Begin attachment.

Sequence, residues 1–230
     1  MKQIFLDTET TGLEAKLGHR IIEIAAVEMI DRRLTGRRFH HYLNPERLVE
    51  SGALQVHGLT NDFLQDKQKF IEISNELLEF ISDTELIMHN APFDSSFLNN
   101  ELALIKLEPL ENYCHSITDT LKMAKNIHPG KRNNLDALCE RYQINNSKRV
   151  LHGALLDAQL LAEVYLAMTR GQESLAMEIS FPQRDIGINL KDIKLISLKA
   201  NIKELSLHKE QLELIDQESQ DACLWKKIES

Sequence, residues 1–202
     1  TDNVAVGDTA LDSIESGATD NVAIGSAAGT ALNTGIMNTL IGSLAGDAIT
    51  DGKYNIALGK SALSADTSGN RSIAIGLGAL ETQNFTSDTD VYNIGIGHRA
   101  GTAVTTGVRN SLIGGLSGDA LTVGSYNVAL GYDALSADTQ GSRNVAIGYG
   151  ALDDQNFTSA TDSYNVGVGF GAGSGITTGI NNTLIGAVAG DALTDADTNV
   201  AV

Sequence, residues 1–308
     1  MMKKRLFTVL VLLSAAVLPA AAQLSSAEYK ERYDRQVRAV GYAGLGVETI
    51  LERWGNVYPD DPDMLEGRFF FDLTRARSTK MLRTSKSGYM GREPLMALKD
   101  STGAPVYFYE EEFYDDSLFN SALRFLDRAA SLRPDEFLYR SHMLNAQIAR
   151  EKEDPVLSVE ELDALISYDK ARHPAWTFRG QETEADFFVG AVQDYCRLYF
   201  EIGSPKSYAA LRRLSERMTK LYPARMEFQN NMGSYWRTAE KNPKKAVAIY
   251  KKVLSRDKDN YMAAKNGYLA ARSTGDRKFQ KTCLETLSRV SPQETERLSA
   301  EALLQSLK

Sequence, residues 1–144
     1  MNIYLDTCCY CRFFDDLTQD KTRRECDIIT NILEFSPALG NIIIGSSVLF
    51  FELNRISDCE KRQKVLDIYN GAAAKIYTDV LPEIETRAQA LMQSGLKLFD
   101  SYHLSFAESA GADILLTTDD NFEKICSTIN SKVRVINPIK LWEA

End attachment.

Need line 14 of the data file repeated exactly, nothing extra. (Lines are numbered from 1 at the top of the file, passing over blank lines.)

     1  MMKKRLFTVL VLLSAAVLPA AAQLSSAEYK ERYDRQVRAV GYAGLGVETI